Feb. 24 2014 01:21 PM
Alan from Manhattan

How does Finland employ the students who do not qualify for college?

Feb. 24 2014 12:38 PM
jgarbuz from Queens

Wikipedia -South Korea

"South Korea has a market economy that ranks 15th in the world by nominal GDP and 12th by purchasing power parity (PPP), identifying it as one of the G-20 major economies. It is a developed country, with a developed market and high-income economy, and is a member of OECD. South Korea is one of the Asian Tigers, and is the only developed country so far to have been included in the group of Next Eleven countries. South Korea had one of the world's fastest growing economies from the early 1960s to the late 1990s, and South Korea is still one of the fastest growing developed countries in the 2000s, along with Hong Kong, Singapore, and Taiwan, the other three Asian Tigers.[11] South Koreans refer to this growth as the Miracle on the Han River.[12]

Having almost no natural resources and always suffering from overpopulation in its small territory, which deterred continued population growth and the formation of a large internal consumer market, South Korea adapted an export-oriented economic strategy to fuel its economy, and in 2012, South Korea was the sixth largest exporter and seventh largest importer in the world. Bank of Korea and Korea Development Institute periodically release major economic indicators and economic trends of the economy of South Korea.[13][14]"

Feb. 24 2014 12:34 PM
RJ from prospect hts

Did the author take the countries' social safety nets into account when comparing teacher compensation?

Feb. 24 2014 12:30 PM
jgarbuz from Queens

In countries where people can live relatively well just off "the fat of the land" don't have to be clever or particularly literate and well educated. So countries rich in agriculture, or oil, gold or other natural resources don't require a population that has to think much. On the other hand, countries with few natural resources, such as Japan, Switzerland, England, Germany, Israel, et al., cannot exist from a large surplus of resources they do not have. They have to manufacture products, and today it increasingly means software and services rather than hardware. It means having a population that is forced to be innovative.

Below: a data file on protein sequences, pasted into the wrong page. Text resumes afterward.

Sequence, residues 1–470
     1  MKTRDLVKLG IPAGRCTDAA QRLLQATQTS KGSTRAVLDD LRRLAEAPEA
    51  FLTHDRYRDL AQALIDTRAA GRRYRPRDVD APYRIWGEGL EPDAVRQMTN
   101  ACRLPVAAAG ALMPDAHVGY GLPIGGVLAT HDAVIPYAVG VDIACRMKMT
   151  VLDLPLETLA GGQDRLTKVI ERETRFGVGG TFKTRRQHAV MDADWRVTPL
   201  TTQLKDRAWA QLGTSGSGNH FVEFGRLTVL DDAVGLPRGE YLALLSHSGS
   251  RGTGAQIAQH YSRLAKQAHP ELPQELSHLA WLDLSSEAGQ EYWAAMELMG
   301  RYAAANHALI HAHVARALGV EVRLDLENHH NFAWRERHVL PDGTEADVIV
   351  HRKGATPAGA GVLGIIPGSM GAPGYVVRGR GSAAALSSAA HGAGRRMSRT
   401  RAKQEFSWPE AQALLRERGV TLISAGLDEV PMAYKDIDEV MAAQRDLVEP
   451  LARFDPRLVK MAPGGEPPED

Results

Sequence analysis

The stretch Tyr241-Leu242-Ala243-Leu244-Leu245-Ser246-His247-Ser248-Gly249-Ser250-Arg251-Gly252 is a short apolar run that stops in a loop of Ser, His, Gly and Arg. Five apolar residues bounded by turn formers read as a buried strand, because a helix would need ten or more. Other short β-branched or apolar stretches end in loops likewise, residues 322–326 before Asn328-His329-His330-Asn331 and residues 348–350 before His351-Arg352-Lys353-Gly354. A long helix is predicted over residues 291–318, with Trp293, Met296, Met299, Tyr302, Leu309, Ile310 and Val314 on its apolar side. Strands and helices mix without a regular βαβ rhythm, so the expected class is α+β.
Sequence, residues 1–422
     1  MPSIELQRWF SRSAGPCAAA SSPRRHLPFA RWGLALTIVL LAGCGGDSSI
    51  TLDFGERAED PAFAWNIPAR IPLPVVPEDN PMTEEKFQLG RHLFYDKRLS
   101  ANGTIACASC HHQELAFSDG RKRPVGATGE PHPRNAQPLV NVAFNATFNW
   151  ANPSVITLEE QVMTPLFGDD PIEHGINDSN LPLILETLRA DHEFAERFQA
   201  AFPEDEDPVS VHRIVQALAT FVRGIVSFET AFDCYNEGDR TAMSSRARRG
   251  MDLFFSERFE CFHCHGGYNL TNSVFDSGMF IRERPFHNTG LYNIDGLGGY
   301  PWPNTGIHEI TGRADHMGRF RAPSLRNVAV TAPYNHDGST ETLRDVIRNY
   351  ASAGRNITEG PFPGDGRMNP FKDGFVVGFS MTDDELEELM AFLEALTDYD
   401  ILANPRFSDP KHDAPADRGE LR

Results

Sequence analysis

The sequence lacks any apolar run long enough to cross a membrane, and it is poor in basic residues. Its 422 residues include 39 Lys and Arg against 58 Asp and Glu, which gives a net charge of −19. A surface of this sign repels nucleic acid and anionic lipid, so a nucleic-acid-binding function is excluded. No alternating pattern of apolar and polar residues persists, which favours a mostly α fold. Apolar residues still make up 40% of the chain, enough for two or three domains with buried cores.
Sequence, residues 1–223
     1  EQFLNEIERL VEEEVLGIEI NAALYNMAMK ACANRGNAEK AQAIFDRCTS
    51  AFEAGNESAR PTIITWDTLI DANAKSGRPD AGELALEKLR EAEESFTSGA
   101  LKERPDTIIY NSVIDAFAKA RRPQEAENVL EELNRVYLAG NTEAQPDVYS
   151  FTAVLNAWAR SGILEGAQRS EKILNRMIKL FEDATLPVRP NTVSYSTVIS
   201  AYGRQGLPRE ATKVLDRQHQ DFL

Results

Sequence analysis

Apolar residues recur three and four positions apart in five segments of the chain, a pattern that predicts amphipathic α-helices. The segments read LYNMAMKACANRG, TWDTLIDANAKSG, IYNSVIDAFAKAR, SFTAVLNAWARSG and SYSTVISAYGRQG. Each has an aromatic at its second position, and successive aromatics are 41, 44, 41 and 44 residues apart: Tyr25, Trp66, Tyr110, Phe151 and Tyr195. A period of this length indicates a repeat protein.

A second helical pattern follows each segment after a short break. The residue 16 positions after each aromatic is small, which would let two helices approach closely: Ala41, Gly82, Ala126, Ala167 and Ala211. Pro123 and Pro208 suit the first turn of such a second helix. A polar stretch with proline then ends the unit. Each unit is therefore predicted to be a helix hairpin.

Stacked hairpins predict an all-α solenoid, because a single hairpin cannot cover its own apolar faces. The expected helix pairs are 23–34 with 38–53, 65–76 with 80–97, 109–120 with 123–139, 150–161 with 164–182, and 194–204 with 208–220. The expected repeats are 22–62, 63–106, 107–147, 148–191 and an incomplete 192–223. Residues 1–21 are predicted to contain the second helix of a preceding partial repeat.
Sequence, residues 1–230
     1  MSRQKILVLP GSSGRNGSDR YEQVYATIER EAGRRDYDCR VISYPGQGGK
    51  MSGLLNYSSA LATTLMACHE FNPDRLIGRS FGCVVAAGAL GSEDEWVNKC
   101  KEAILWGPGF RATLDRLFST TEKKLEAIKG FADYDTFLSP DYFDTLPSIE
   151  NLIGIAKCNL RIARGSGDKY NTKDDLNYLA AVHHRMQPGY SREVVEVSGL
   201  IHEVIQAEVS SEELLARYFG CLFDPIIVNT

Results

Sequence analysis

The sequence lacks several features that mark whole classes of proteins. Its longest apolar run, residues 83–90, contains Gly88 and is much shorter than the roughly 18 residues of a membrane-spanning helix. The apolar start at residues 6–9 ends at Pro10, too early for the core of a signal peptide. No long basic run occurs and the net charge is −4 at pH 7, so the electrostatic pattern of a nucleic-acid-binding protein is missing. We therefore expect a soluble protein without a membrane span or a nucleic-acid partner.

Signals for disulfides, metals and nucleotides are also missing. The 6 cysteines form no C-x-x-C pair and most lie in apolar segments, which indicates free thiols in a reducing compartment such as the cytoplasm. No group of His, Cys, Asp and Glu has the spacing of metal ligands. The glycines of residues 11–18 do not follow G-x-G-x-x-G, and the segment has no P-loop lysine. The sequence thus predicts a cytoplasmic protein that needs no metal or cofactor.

Feb. 24 2014 12:23 PM
karo from Brooklyn

Amanda, please rethink PISA as your benchmark.

I highly recommend everyone listen to Yong Zhao's presentation - World Class Learners: Educating Creative and Entrepreneurial Students. He explains why PISA scores are not a good measure of success.
http://www.youtube.com/watch?v=E6epj-kGF0E

Amanda, after listening Zhao's presentation, would you still use PISA?

Feb. 24 2014 12:23 PM
Bonn from East Village

The opposite is also true: When I lived in Madrid and taught English privately, I had one teenager for many months before and then after she went to America to study English abroad in a high school for a semester. When she got back, she told me how easy and unchallenging it was, that she didn't have to study. The only thing she got out of it, besides improving her English, was she came back FAT from all the horrible American food. Her mother immediately put her on a diet, to the girl's relief.

Feb. 24 2014 12:14 PM

Leave a Comment

Email addresses are required but never displayed.

The Morning Brief

Enter your email address and we’ll send you our top 5 stories every day, plus breaking news and weather.